Introduction. Tuberculosis of the urinary bladder leads to its contraction and irreversible decrease in volume, which is defined as a stable aberration of its reservoir function and significant decrease in the quality of life. Augmentation ileocystoplasty and cystectomy combined with orthotopic ileocystoplasty are the standard methods of treating patients with contracted bladders of tubercular etiology. Today, there is the necessity of a more thorough examination and comparison of functional results obtained from these methods of treatment.
Materials and methods. Two groups were formed during the study. The first one consisted of 15 patients after bladder resection (with the trigonum vesicae kept intact) and the subsequent augmentation ileocystoplasty. The second group consisted of 8 patients undergoing cystectomy and orthotopic ileocystoplasty (the Studer's technique). 1-6 years after the operation, the patients underwent urodynamic examination.
Results. The reservoir function of the bladder did not significantly differ among the patients from both groups (p ≥ 0.05) and was within normal limits. After the surgery, 10 patients from the first group (66.6%) and all patients from the second group were able to urinate independendly. 13 patients from the first group (86.6%) and one patient from the second group (12.5%) had the indications for intermittent self-catheterization. In the second group, the volumetric urinary flow was higher; as well as the volume of urine excreted. The volume of residual urine was significantly higher in patients from the first group, which indicates chronic urinary retention. Detrusor opening pressure, detrusor pressure and abdominal pressure were comparable among patients from both groups (p ≥ 0.05). The mean opening time was 51.8 ± 25.6 s in the first group, in comparison with 3.8 ± 2.2 s in the second group, which indicates the statistically significant difference between both groups (p ≤ 0.09).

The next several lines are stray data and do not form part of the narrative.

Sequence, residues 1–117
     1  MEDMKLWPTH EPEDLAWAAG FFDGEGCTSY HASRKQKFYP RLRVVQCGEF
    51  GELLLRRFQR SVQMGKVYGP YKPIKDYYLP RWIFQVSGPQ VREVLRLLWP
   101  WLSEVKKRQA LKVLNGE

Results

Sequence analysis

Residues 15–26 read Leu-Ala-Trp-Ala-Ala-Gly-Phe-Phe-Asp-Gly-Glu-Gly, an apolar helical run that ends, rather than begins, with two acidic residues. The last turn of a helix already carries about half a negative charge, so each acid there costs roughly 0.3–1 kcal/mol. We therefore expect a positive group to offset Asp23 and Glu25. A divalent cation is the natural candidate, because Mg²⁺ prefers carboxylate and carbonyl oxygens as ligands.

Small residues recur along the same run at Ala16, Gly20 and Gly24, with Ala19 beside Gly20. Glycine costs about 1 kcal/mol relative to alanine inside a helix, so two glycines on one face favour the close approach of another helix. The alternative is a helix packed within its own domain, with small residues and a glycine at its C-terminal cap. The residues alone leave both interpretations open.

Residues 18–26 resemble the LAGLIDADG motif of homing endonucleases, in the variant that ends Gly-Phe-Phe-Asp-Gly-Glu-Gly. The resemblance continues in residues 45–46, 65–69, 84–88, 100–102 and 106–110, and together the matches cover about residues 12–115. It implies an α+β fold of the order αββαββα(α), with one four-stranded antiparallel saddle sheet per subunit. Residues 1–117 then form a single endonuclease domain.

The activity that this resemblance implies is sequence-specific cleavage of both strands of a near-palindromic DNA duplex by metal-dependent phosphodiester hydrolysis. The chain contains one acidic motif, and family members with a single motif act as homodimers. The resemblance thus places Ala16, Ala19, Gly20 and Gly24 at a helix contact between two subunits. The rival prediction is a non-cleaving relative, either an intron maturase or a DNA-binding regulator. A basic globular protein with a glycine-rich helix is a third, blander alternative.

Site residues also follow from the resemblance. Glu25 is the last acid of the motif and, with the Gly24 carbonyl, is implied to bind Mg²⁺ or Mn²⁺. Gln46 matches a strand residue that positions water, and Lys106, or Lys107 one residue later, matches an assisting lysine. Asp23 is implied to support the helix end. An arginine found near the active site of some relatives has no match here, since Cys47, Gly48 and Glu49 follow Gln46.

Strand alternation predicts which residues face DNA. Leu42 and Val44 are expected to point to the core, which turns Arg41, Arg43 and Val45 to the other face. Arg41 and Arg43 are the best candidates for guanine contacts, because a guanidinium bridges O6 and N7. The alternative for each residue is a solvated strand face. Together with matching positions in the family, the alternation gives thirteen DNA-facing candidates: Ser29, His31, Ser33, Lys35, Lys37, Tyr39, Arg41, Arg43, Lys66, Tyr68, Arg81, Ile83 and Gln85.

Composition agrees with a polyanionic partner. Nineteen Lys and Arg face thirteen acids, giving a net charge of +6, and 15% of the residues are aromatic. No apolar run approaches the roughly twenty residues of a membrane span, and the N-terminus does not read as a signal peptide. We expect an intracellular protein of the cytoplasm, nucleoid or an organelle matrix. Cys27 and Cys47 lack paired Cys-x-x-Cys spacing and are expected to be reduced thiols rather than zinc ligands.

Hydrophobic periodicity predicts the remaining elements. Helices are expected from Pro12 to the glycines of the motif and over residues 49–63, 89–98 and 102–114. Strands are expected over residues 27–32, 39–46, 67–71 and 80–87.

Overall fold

Conclusion. Augmentation ileocystoplasty and orthotopic ileocystoplasty enable to create a urinary reservoir, whose reservoir function would be satisfactory. However, evacuation of the bladder after augmentation ileocystoplasty was significantly worse, in comparison with orthotopic ileocystoplasty
Authors declare lack of the possible conflicts of interests.